I hold a longstanding and intense prejudice against book-based movies. Unoriginal, lazy and often insufficiently funded, they deface many worthy novels and inaccurately reproduce beautiful stories. Their only redeeming quality lies in bringing to the fore books that might otherwise be overlooked. And even that’s a mixed blessing.

As an 11 year old, I was more familiar with Harry Potter than with the Backstreet Boys or Britney Spears. I endlessly poured over the pages of “The Sorcerer’s Stone,” memorizing the first pages by simple repetition. And to me, J.K. Rowling’s sale of the script to Warner Brothers was devastating. For one well-versed in the book’s minute details, catastrophes in the film like a complete rewriting of the Norbert affair — Harry and Hermione were caught after sending Norbert off, not before, as depicted in the movie — were simply unbearable. Scarred beyond repair, I avoided watching the remaining films.

Perhaps my devotion to the book was excessive. No movie is absolutely faithful to its book — and it shouldn’t be. Film is a very distinct medium. It’s a valuable and enjoyable art form, but that doesn’t mean it’s the right one for every story. Here are a few stories told in both forms — the question is, which works?

Let’s look into “The Reader,” which was originally a book written by Bernhard Schlink. The film was nominated for five Academy Awards. It achieves undeniable success following one man’s struggle with his generation’s emotional and practical response to a previous generation’s Holocaust crimes. Introspection, an inherent part of both character development and discussion of theme in the film, is nearly impossible to convey in a motion picture.

In written form, “The Reader” delves into main character Michael Berg’s psyche and his consideration of philosophical and moral questions. The subject doesn’t convert well to movie format, forcing subtle rewriting and refocusing. It’s impossible to accurately present Berg’s confusion and struggles without reading his inner narrative. In the book, I read his thoughts. In the movie, I’m forced to guess.

Moreover, the screenwriters apparently found it impossible to avoid making plot and detail alterations. Why this always seems necessary, I’ll never know.

Action movies, meanwhile, are, almost by definition, simply entertaining. Cut in, scary/thrilling sequence, cut out. “I am Legend” was no exception. Perhaps a nod was given to the achievements of science or societal attachments, but at its core, the movie aimed to thrill.

The original novella, written by Richard Matheson, shoots higher than that. It addresses complex sociological issues, tracking both Robert Neville’s life as the last non-infected human on the planet as well as the lives of the infected that haunt him. But these are not the zombies of the movie; they are a new race, an emerging society, rendering Neville the minority — “the abnormal one.” The novella critiques the concept of normalcy as a majority concept and presents questions never raised in the movie. These are not simply vampires or zombies, they are intelligent, organizing beings. Oh, and the dog is only around for 17 pages. It doesn’t even get a name.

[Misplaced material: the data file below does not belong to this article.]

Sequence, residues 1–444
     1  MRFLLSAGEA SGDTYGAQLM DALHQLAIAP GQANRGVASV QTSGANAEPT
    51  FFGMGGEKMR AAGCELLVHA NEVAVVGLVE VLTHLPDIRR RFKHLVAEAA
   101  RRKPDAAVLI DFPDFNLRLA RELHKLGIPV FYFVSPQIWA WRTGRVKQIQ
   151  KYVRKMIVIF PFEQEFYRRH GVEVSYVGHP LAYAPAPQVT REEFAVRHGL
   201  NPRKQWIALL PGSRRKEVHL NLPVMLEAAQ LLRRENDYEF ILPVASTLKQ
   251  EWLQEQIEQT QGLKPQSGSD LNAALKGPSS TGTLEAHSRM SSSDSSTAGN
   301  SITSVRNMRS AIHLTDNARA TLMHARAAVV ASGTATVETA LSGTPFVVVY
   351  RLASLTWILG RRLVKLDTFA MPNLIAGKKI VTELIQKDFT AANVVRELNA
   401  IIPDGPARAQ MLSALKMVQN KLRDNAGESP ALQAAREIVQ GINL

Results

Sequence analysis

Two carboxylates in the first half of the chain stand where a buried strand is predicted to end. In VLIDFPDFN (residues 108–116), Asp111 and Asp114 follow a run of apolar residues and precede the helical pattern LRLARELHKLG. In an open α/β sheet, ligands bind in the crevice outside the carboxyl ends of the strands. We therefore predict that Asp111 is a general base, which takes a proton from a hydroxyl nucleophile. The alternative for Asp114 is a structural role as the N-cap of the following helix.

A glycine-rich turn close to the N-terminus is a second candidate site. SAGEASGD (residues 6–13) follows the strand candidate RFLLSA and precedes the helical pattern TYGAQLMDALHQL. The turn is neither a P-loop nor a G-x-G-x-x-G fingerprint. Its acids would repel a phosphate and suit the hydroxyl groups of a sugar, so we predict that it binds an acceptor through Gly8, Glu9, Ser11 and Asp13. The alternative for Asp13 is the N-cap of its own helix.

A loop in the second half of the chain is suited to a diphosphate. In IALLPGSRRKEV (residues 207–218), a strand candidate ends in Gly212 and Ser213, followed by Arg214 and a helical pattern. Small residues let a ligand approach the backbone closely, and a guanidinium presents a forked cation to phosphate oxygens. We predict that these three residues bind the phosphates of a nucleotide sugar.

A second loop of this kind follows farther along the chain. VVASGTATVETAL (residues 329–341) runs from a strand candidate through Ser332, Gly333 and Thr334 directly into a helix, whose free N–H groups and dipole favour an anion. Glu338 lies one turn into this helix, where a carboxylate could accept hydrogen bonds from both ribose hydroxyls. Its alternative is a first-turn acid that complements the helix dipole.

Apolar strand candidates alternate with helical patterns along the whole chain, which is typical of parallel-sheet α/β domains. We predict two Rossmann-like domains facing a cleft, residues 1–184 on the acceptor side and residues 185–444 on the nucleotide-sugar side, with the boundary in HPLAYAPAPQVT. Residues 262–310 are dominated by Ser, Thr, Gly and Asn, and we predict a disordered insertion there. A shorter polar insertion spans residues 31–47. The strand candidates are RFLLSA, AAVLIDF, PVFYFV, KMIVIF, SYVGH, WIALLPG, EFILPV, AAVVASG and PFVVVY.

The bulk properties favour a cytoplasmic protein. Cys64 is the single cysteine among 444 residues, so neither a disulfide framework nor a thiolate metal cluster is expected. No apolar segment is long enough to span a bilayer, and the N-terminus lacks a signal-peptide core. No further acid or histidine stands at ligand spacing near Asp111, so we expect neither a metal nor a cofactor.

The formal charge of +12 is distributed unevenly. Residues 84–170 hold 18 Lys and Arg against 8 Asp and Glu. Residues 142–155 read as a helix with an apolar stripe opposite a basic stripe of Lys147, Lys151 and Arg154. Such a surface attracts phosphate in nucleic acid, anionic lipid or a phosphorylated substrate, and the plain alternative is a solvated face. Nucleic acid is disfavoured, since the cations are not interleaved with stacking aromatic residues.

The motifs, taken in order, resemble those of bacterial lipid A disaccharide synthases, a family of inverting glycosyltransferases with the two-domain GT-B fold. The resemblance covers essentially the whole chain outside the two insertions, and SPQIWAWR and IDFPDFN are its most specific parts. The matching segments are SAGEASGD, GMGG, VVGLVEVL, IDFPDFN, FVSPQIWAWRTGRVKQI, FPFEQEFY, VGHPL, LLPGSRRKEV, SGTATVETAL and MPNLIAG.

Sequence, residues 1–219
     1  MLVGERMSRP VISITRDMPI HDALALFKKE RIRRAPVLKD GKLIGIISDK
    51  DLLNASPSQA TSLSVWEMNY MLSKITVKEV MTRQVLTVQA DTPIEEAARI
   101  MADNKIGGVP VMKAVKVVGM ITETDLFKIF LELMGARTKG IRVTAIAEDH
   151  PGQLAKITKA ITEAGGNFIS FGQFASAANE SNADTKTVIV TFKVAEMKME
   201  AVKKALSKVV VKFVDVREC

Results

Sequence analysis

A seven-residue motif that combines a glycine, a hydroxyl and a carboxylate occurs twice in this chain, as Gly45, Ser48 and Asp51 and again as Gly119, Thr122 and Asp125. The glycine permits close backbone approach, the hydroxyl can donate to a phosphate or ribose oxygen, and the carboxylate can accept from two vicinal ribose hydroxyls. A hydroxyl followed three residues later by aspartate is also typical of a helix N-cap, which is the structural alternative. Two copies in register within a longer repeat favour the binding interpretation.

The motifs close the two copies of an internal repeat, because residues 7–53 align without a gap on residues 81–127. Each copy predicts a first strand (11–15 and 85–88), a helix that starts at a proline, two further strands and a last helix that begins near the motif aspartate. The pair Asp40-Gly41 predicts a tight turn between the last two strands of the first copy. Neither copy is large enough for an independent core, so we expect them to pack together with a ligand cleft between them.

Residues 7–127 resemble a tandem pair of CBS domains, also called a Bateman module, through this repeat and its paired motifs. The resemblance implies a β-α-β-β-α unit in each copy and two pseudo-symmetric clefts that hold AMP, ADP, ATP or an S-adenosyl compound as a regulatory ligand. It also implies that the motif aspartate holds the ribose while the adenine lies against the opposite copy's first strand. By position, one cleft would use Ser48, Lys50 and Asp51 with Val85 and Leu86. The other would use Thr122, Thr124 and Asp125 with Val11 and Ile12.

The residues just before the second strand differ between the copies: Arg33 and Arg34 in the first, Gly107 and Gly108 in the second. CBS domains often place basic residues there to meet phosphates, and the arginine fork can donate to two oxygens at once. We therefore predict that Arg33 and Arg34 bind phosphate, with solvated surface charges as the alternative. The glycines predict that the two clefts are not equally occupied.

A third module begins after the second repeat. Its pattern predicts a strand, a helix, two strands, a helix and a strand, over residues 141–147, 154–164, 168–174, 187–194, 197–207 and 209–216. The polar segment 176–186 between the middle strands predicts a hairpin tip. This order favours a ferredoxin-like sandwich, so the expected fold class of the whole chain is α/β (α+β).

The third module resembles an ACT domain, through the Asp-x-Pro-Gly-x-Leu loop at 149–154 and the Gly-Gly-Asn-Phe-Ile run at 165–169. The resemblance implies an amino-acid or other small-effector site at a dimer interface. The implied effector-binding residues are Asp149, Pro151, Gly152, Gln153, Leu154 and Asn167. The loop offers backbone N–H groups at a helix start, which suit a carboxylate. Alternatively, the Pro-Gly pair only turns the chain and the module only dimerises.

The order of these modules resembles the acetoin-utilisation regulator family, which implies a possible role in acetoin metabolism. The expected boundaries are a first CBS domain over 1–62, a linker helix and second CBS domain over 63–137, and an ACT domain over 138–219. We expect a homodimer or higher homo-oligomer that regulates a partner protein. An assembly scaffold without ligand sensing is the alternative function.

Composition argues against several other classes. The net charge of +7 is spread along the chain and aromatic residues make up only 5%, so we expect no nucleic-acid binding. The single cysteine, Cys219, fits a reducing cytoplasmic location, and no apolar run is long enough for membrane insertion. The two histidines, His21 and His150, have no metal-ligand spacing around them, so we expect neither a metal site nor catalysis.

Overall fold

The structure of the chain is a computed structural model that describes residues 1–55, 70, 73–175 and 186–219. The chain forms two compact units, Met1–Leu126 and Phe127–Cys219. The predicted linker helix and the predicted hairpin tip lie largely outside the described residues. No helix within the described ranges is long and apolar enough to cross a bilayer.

Occasionally, a film reaches or exceeds the level of its written inspiration. “300,” for example, supersedes its original graphic novel, written by Frank Miller. The film demonstrates that legendary and battle-ridden stories are simply better with special effects.

The graphic novel, by turns poetic, epic and comedic, certainly merits reading. Still, video sequences of 300 Spartans rushing the field are more powerful than an illustration.

Film permits viewers to be lazy. Instead of enlisting our imagination to produce rich images, movies present us with ready-made illustrations. They don’t allow us an intimate view of the character or a chance to read exactly how the character feels and thinks. We are often denied complex issues and concepts because we are entertained by flashing action sequences, car chases and explosions. Part of the attraction of the film medium is its shorter — and sometimes more exciting — duration. But neither “The Reader,” “300” nor “I am Legend” is a long work, and they’re worth reading.

Don’t get me wrong — I love movies. But when that movie either replaces or precludes my individual interpretation, it robs me of the pleasure of reading. And when the original book is as good as, say “The Reader,” “I Am Legend” or even “Harry Potter and the Sorcerer’s Stone,” to me, it’s simply immoral.

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